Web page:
We're pleased to announce that at long last the wait for a fully featured and officially supported reference implementation for Spriter is at and end.
The first two languages to receive officially supported, feature complete implementations are C# and C++.
The C++ implementation is being created by myself, and should be ready for public testing in the very near future.
For the C# implementation, we'd like to give a huge thanks to community member Loodakrawa for having created it, and for working with us to make it totally feature complete, officially supported C# reference implementation. Loodakrawa was also nice enough to agree (and take the necessary steps) to change it's license to the zlib license, which is among the most permissive licenses available. This is the license all officially supported Spriter implementations will be released under. We encourage anyone who wants to port either implementation (or future released implementations) under the same license.
It should be very easy to port to any language of your choice with a simple copy/paste, and edit. Also, these will be easy to adapt to any game engine or authoring tool (There is an example in the C# implementation working in Monogame).
We're also pleased to announce we'll be working with the folks at ClickTeam to make sure Spriter is fully supported in their latest authoring system - Fusion 3 (not yet released).
Similarly, we'll be working with Enterbrain, the creators of RPG Maker, to add Spriter support to their upcoming RPG Maker MV, which is already available for pre-order.
Once these initial reference implementations are fully tested we'll also be contacting and working with the developers of as many popular authoring systems as possible to get full Spriter support ported to their respective packages as soon as possible, so please dive in and give these implementations a test spin. Please report any bugs with the C# version to Loodakrawa's thread. The sooner we make sure they're rock solid, the sooner full Spriter support becomes commonplace for all game developers. This is currently our top priority.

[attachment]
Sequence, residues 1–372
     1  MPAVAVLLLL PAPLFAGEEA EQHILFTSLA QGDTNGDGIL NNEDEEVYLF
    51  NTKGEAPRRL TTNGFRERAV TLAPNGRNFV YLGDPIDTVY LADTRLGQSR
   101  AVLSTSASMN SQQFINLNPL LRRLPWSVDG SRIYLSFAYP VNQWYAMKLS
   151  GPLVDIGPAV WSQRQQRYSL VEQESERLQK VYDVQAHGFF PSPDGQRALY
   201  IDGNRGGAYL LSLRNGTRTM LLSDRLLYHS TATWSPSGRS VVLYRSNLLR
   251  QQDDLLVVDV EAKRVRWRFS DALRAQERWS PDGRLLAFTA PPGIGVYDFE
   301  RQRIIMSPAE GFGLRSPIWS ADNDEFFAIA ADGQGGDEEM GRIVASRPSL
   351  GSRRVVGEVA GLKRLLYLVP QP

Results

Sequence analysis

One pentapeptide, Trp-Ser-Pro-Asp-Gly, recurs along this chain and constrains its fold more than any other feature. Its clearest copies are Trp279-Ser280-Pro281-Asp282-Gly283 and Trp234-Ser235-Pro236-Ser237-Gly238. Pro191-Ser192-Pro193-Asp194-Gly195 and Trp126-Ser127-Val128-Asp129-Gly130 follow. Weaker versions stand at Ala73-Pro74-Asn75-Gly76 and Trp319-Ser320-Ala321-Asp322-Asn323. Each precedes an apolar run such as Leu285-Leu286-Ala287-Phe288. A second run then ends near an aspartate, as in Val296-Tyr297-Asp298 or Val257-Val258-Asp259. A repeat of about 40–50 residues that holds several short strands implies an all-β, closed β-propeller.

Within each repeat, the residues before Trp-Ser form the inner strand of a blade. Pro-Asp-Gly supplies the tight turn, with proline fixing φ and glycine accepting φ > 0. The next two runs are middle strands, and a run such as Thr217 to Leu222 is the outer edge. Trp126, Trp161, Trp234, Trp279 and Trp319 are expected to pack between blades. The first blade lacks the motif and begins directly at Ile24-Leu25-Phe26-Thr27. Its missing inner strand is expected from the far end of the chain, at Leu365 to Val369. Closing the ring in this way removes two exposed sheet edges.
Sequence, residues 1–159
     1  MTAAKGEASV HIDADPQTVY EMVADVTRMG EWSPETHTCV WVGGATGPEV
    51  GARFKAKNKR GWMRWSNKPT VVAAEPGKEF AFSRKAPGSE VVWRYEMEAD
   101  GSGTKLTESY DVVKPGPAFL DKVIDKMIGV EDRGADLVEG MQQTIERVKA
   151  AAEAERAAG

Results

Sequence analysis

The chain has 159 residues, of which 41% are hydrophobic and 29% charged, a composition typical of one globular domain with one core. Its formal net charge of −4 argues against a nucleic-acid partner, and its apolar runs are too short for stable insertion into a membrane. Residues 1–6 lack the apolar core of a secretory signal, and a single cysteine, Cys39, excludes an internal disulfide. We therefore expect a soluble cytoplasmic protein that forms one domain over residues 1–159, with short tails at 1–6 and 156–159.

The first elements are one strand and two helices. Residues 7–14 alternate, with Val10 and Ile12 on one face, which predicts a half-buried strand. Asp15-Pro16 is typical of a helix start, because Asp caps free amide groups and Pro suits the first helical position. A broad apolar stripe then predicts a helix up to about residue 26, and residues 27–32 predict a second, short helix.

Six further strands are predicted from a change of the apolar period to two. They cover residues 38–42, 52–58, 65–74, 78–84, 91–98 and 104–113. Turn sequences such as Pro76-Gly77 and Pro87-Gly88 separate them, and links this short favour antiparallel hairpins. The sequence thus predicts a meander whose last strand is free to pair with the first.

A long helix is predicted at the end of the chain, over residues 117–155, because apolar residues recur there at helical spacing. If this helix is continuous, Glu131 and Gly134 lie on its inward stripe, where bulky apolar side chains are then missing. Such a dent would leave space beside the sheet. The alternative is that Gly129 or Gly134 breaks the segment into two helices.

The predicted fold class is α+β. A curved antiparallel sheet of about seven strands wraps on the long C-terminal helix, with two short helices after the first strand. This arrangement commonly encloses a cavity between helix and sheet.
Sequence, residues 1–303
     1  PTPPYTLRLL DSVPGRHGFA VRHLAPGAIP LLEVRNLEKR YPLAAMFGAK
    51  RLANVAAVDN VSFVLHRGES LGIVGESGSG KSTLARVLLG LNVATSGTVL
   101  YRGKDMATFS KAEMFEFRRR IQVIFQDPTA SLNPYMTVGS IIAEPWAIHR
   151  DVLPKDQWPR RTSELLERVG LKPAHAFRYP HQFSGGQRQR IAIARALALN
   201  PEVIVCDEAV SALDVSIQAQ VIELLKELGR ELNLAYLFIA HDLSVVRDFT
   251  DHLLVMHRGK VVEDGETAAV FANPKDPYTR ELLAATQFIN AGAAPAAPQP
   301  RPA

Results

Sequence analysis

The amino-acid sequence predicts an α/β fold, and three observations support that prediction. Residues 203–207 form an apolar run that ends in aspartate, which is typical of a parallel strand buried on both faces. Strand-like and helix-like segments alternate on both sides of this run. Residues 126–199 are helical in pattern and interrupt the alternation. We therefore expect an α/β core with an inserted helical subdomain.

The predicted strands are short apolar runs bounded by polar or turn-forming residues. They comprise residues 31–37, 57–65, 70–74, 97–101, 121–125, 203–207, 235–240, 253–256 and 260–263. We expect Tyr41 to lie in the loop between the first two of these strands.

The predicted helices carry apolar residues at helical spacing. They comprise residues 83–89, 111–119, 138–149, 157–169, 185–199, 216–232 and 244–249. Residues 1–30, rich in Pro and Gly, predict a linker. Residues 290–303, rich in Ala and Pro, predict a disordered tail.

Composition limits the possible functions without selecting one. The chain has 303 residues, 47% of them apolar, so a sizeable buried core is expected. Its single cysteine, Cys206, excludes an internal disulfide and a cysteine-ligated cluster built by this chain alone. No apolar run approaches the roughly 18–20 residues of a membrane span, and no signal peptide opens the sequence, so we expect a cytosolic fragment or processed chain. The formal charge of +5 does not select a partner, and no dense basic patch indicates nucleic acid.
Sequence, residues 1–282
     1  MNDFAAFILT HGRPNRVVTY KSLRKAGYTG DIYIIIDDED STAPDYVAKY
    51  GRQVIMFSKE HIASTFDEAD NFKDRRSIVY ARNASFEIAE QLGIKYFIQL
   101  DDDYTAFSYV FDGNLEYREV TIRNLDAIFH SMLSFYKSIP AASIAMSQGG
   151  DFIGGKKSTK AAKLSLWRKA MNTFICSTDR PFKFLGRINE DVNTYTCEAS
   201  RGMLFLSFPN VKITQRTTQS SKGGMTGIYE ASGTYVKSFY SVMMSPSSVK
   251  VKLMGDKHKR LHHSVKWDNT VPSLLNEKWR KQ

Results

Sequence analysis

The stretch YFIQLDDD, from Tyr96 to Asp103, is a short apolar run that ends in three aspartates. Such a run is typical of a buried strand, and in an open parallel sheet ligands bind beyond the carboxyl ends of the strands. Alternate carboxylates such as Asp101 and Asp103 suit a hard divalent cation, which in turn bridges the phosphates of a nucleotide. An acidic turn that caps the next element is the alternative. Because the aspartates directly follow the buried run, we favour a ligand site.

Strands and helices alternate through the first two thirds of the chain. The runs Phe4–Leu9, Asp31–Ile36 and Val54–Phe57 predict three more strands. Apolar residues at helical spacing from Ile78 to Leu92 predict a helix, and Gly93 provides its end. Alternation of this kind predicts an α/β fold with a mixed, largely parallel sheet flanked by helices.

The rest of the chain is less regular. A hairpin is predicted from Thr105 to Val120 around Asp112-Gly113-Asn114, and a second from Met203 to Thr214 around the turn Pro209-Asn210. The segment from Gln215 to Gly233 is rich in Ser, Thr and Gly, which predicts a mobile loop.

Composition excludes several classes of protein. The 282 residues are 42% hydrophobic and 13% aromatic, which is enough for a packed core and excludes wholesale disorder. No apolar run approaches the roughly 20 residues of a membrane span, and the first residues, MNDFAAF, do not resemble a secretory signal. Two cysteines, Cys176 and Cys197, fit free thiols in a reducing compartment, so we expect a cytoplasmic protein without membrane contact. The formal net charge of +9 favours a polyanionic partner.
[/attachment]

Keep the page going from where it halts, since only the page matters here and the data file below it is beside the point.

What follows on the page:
In addition to this, we will be starting a thread in the near future of all ports, either complete or in the works. We will of course post any that we are directly involved with, but we encourage you to post in that thread to let us know if you're creating a port, or if it's already complete.
While the community is helping us to test and perfect these current reference implementations, we'll be working on a Spriter update build, which will hopefully increase compatibility (most notably we'll be attempting to resolved issues with Retina Displays and Wacom input devices) as well as resolve some known bugs.
As always, we greatly appreciate and are humbled by your patience and support during the long delay in meeting this critical milestone. Once this testing is complete, getting full Spriter support for any particular language or authoring system should be much easier and faster, even trivial.
In the mean time, we definitely owe you an explanation for why the full implementation took so long:
Our initial intent was to not only create a reference implementation which would support all of Spriter's current features, but which would also have the flexibility to support the substantial amount of future features we already have planned. Of course, the attempt to meet these goals necessitated fleshing out the requirements and nuances of the planned features, and taking time to make sure the structure of the reference implementation would leave the room and flexibility to easily incorporate them when the time came.
This lead to a sort of tug of war, between the potential power and flexibility of the new features, the development time to finish the first release of the reference implementation, and the limits imposed by what the current Spriter data structure could accommodate.